It’s that time of year when many people will be sending out greeting cards for Christmas or other religious holidays. I have often been asked the “correct way” to insert a card into the envelope. I am always amazed when people who consider etiquette and manners as out-dated and of little use, nevertheless want to do things properly when faced with tradition and rituals.
Greetings cards are of no small expense and trouble, so it is worth some extra care when assembling them. Consider how the recipient will open the card and how to enhance the whole experience. When inserting the card into the envelope, the front of the card should face the back of the envelope so that when the flap is lifted or slit open, the attractive face of the card is revealed. Most people will be holding the envelope in their left hand and extracting the card with their right, so insert the card so that it will come out the right way up to read. In the case of a typical card that has the fold on the left hand side (i.e., to be opened like a book), this means inserting the fold first with the front of the card facing the back of the envelope.
If the card has any embossing or embellishment, this method will also protect the face of the card from the pounding it would receive from the post office sorting and cancelling machinery. (Some cards with embossed fronts now even come with ‘card protector sheets’ to insert over the design to also help protect the card from the wear and tear of the post.)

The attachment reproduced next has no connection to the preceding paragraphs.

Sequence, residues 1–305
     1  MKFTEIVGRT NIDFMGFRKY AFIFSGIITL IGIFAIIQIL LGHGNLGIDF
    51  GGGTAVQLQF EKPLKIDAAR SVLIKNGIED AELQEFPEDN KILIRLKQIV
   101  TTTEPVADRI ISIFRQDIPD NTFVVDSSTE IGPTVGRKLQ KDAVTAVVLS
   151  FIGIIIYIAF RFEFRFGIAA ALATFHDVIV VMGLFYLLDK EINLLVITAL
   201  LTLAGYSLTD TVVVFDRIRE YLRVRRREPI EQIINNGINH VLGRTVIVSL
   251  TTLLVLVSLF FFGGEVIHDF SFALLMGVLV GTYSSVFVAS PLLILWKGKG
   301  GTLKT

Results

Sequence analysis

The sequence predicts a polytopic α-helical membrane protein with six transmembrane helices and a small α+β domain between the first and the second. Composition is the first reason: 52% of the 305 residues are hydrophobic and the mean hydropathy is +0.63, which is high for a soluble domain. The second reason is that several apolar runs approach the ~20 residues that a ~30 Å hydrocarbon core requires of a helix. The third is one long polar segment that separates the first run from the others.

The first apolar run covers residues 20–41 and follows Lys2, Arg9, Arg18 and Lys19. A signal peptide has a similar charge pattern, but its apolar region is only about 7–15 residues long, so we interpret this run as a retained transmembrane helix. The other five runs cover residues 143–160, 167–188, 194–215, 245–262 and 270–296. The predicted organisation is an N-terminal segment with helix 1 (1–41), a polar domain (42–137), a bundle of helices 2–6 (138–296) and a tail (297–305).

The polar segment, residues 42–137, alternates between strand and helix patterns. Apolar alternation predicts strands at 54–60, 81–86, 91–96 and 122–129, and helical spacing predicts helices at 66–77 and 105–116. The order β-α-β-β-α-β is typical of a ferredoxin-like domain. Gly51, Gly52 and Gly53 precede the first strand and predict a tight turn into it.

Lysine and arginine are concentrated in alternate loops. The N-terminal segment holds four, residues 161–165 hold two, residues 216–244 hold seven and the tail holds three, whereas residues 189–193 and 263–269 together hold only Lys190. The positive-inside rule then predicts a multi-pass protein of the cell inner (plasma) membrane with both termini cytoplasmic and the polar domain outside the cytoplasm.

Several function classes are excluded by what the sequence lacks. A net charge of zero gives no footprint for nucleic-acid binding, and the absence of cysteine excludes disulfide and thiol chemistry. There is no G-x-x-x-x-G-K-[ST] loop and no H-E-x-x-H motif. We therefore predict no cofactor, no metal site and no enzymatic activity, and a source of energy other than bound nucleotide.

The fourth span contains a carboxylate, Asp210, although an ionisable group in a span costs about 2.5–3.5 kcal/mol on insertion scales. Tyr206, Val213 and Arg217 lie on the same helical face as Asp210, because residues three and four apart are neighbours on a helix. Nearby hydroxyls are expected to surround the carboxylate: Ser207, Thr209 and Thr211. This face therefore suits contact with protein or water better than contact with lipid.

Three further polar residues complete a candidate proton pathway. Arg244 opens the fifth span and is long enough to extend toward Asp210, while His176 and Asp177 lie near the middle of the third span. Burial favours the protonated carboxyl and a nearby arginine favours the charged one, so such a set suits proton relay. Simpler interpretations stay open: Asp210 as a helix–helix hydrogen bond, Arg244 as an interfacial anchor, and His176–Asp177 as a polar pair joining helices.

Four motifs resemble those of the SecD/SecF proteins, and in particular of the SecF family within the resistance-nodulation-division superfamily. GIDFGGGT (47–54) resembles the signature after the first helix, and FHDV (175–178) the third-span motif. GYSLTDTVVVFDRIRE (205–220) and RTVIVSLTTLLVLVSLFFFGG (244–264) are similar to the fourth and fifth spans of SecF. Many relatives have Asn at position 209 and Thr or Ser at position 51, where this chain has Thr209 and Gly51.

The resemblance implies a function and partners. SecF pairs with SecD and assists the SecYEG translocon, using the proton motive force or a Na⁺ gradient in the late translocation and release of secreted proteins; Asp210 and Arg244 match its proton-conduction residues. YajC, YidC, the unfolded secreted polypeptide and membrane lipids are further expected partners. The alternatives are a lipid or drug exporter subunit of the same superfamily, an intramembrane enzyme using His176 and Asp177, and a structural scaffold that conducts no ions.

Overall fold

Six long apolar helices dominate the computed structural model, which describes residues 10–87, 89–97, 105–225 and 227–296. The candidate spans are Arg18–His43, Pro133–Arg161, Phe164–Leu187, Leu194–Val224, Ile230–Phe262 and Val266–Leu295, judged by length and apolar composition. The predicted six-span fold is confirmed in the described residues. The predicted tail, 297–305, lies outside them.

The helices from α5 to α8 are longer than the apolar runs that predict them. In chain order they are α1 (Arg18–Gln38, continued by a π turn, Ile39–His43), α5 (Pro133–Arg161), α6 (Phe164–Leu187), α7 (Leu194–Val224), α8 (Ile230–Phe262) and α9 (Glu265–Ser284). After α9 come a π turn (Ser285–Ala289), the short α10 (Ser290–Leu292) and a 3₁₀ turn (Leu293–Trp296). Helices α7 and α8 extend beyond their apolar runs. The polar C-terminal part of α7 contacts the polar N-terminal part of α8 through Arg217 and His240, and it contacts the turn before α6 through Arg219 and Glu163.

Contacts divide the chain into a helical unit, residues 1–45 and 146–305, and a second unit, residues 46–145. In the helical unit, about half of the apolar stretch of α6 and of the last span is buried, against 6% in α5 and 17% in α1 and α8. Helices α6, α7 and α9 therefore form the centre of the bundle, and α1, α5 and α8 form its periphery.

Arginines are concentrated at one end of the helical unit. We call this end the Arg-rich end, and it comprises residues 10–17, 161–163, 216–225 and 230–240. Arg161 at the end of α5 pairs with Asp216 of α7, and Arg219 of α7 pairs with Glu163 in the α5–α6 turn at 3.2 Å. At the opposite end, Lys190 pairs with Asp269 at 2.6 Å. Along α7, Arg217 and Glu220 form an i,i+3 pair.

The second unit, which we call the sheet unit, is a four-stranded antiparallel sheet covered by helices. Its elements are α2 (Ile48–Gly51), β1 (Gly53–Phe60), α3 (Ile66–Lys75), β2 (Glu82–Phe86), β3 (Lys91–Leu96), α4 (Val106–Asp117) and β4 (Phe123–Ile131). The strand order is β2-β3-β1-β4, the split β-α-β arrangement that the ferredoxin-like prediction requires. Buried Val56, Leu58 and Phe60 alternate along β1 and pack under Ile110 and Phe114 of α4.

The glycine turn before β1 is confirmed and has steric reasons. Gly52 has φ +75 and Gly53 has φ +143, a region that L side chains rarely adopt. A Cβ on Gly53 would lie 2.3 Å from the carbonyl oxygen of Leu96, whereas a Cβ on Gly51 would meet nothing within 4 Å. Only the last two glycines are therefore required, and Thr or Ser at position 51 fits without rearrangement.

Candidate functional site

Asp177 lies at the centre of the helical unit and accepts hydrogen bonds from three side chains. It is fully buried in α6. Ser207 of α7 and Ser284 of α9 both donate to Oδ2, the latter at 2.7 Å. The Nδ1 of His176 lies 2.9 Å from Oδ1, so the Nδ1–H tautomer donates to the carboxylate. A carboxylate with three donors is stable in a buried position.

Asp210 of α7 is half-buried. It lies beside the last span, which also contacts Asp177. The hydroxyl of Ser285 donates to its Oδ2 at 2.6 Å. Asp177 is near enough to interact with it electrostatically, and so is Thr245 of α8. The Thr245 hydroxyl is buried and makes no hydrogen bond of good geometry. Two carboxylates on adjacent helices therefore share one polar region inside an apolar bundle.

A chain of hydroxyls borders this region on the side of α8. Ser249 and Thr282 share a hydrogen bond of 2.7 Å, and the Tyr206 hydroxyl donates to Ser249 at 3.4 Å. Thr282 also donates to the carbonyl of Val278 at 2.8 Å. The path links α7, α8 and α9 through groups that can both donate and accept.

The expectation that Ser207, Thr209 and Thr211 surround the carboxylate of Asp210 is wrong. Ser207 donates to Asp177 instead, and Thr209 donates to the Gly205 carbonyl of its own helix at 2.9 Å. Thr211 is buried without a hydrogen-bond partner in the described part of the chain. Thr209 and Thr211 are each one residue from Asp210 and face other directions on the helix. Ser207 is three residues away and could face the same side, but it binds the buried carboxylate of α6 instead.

But not all cards are folded on the left side. What about tent-style cards, folded on the top?
Insert these the same way: fold first and facing the back. If you insert a card with the fold along the top edge, there is the risk that it will be damaged or cut if the recipient is using a letter opener. If you are enclosing anything with the card, (a photograph, perhaps, or some cash in a birthday card), inserting the card fold first will ensure than the enclosure comes out of the envelope with the card and does not slip out unnoticed and perhaps get thrown away.
Please don’t stress too much over how the card goes into the envelope but do be sure to personalize each card to the recipient, perhaps adding a few words of greeting beyond the printed text. Receiving a good quality envelope carefully addressed by hand and with a stamp, (never franked), creates a sense of anticipation. To find within a card with only a signature appended to the printed text is a disappointing letdown.
Let these guidelines enhance the pleasure you get by sending and receiving cards and when you receive a card that has been put in the envelope “upside down and backwards,” please ignore such trivial details and enjoy the sentiments and the thoughtfulness of the sender. In the words of Emily Post writing in 1922, do not “give too much importance to nothing.”